A Classic Moment for the Commercial Creative Artist on Two and a Half Men

I watched an episode of “Two a Half Men” on Starworld last night and thought it was so relevant to the Commerical Creative Artist (CCA).

“Two & a Half Men” is a very successful US sitcom that centers around a freewheeling bachelor, Charlie (played by Charlie Sheen), whose carefree lifestyle is interrupted when his newly separated brother Alan moves in along with his son, Jake.

One of the plots of this episode involved Charlie writing a theme song for a new kids cartoon adapted from a comic book. He seeks Jake’s opinion on the song as Jake is familiar withe comic is obviously the intended target audience for the cartoon. However, Jake disses the song saying it was not reflective of the character and feel of the comic. Charlie is convinced when his uptight brother, Alan, thinks the song is ‘snappy’ and good!

Here’s the ‘snappy’ song in question:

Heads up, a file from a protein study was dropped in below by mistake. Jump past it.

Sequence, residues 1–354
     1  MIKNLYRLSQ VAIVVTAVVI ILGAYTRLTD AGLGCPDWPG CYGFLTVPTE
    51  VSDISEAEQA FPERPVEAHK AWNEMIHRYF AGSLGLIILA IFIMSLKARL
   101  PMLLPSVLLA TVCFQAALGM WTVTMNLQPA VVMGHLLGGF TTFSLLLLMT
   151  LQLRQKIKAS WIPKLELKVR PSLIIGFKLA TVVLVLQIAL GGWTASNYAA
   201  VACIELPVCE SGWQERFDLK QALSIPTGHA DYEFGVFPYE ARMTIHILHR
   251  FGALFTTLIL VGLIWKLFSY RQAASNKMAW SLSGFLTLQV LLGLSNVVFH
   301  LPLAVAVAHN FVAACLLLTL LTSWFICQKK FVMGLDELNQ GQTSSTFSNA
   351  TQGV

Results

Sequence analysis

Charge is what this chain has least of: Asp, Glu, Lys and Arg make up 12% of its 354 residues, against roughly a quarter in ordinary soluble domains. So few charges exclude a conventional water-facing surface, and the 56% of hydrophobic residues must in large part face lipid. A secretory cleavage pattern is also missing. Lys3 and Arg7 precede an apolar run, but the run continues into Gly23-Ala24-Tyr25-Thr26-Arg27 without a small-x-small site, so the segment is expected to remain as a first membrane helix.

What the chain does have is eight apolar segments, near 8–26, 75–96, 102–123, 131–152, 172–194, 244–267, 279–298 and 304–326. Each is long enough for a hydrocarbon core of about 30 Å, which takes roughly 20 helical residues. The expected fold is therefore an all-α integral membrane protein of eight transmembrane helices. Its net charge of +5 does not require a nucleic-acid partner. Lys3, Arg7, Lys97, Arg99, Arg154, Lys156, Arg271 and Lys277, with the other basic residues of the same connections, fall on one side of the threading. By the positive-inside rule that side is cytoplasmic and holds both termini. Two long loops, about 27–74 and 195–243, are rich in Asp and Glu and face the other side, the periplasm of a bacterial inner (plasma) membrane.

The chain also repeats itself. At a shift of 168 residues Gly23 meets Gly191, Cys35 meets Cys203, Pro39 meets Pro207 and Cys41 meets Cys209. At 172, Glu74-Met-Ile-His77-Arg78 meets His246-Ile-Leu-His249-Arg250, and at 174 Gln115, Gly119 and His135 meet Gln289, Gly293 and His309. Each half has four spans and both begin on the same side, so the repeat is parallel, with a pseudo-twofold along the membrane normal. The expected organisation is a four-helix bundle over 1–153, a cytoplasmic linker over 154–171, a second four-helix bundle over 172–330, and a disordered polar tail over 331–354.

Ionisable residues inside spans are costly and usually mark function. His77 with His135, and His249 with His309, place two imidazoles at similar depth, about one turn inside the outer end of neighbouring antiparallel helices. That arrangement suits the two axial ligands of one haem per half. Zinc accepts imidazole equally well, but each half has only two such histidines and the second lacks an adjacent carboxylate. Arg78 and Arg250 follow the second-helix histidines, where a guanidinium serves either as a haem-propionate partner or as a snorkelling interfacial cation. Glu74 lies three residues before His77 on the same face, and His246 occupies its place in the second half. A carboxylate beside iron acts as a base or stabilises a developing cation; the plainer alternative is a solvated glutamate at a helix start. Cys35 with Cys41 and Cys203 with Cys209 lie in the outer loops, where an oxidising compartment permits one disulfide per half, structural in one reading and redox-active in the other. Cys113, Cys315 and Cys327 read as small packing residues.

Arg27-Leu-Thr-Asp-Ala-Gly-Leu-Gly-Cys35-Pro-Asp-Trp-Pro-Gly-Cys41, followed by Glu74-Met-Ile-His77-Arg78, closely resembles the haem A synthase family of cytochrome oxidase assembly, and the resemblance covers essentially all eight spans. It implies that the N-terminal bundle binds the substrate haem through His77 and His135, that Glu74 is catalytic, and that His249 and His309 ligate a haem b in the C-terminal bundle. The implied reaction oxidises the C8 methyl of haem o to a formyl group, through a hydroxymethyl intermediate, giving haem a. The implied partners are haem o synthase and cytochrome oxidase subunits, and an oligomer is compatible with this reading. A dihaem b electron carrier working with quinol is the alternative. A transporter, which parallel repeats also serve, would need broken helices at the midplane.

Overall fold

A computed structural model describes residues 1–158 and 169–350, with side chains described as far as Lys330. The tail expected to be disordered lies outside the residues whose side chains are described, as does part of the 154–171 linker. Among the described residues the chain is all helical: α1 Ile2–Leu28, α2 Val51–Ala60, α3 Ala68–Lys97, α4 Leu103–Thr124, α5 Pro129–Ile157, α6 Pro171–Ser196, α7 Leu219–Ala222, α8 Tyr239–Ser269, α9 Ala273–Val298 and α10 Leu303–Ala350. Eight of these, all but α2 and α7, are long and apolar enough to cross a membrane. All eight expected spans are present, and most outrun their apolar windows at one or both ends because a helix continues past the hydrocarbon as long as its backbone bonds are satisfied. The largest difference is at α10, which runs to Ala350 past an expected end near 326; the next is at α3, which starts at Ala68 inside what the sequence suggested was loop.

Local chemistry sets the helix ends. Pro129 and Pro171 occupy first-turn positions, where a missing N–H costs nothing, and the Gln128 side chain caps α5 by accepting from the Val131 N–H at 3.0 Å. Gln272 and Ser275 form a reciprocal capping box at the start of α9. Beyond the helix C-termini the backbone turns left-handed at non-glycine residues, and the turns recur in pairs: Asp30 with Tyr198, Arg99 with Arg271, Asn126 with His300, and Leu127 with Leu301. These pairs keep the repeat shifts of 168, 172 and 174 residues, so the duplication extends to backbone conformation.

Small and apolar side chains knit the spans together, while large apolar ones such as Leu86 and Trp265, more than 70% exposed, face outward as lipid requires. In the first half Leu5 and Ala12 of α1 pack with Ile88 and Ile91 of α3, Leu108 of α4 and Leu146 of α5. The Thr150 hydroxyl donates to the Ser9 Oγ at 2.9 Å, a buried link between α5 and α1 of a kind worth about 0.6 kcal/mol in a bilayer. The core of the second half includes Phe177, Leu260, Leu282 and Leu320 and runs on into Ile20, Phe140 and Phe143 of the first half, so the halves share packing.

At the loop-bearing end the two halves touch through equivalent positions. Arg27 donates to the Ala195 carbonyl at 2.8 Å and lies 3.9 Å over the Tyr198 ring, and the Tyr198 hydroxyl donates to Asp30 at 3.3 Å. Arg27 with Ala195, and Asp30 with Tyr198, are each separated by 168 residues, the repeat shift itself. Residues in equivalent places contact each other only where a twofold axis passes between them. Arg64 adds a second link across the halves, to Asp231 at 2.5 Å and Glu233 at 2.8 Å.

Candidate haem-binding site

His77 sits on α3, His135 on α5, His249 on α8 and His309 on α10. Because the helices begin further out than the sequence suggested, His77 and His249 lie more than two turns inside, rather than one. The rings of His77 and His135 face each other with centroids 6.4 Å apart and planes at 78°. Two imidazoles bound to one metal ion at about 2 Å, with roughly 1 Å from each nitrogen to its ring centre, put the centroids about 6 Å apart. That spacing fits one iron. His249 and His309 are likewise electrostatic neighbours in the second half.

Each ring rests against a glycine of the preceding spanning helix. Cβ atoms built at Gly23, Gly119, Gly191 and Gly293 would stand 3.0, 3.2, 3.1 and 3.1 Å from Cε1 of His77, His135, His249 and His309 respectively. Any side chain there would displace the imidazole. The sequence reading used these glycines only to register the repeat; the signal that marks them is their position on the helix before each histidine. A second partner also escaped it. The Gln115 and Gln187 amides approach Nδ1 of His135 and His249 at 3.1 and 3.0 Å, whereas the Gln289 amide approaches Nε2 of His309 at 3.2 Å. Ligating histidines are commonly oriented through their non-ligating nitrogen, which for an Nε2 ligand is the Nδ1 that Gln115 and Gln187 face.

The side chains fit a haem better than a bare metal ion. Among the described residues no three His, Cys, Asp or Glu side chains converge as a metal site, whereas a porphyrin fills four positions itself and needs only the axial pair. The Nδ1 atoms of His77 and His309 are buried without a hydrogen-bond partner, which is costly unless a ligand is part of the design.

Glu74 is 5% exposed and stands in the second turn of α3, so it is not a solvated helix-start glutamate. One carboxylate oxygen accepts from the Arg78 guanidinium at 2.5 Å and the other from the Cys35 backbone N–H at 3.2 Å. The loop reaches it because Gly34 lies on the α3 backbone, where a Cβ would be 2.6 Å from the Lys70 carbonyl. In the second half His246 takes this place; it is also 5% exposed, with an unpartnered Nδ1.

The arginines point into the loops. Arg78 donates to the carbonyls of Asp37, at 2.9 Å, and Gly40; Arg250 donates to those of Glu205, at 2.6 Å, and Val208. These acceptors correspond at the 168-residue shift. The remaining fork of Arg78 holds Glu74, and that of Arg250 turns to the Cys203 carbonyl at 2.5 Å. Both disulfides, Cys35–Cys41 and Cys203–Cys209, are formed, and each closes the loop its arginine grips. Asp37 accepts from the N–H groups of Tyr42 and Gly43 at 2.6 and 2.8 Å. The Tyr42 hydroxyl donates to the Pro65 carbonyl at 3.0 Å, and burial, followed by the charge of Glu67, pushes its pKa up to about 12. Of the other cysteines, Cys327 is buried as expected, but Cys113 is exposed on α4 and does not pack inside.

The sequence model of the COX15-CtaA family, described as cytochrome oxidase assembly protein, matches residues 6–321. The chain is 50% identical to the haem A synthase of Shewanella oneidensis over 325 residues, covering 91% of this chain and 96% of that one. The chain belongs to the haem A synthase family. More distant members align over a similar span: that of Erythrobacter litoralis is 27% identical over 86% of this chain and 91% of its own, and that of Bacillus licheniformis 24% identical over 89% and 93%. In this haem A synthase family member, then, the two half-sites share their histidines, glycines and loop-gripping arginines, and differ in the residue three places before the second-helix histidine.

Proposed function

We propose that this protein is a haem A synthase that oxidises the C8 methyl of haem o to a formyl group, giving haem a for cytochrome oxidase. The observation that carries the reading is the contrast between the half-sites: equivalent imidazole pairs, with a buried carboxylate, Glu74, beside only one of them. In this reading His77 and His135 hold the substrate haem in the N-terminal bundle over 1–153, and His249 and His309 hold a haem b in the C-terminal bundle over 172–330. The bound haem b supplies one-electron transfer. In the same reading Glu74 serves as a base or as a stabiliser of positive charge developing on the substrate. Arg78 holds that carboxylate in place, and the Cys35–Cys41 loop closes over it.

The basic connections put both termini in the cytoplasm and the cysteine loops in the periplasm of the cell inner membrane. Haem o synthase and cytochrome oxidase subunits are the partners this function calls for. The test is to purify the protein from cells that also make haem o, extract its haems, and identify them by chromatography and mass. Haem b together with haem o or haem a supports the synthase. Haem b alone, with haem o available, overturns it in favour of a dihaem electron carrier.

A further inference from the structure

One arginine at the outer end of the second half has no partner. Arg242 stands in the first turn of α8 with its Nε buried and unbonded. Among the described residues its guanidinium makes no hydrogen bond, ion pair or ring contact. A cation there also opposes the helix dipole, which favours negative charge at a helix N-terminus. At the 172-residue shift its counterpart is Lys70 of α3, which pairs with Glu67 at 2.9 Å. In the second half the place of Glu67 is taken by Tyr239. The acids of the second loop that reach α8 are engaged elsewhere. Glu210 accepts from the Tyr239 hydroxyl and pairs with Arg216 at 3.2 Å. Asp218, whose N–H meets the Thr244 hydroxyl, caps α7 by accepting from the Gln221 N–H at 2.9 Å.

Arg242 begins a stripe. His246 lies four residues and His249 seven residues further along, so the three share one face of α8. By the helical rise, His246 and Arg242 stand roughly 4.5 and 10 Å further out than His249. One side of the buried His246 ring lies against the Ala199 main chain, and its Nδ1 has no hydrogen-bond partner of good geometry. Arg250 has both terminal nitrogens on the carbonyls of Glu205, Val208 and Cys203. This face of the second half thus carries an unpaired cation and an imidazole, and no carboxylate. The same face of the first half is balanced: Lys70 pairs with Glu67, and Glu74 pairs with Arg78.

In the course of the show, in the form of a montage, Charile and Jake work together and rewrite the song (which the TV audience never actually hears).

Here is the last scene of the episode:

Besides, actually thinking the song is indeed snappy, I thought that this captured the reality behind a lot of the CCA’s work.

As I highlighted in “Who does the Commercial Creative Artist have to Satisfy?”,  even if a CCA and his/ her the target audience like a particular piece of work, it is often the one who pays the bills that gives you the commerical platform to showcase your craft. The client AKA the paymaster is often the one you have to satisfy most of the time.

Welcome to showbiz! 🙂 🙂

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About J C Sum

International Headline Entertainer, Content Creator and Investor
This entry was posted in Commercial Creative Artist and tagged , , , , , , . Bookmark the permalink.

One Response to A Classic Moment for the Commercial Creative Artist on Two and a Half Men

  1. Jack says:

    i personally felt that the song was quite nice.. haha.. though being nice in itself doesn’t necessarily mean that it can be accepted by the audience.

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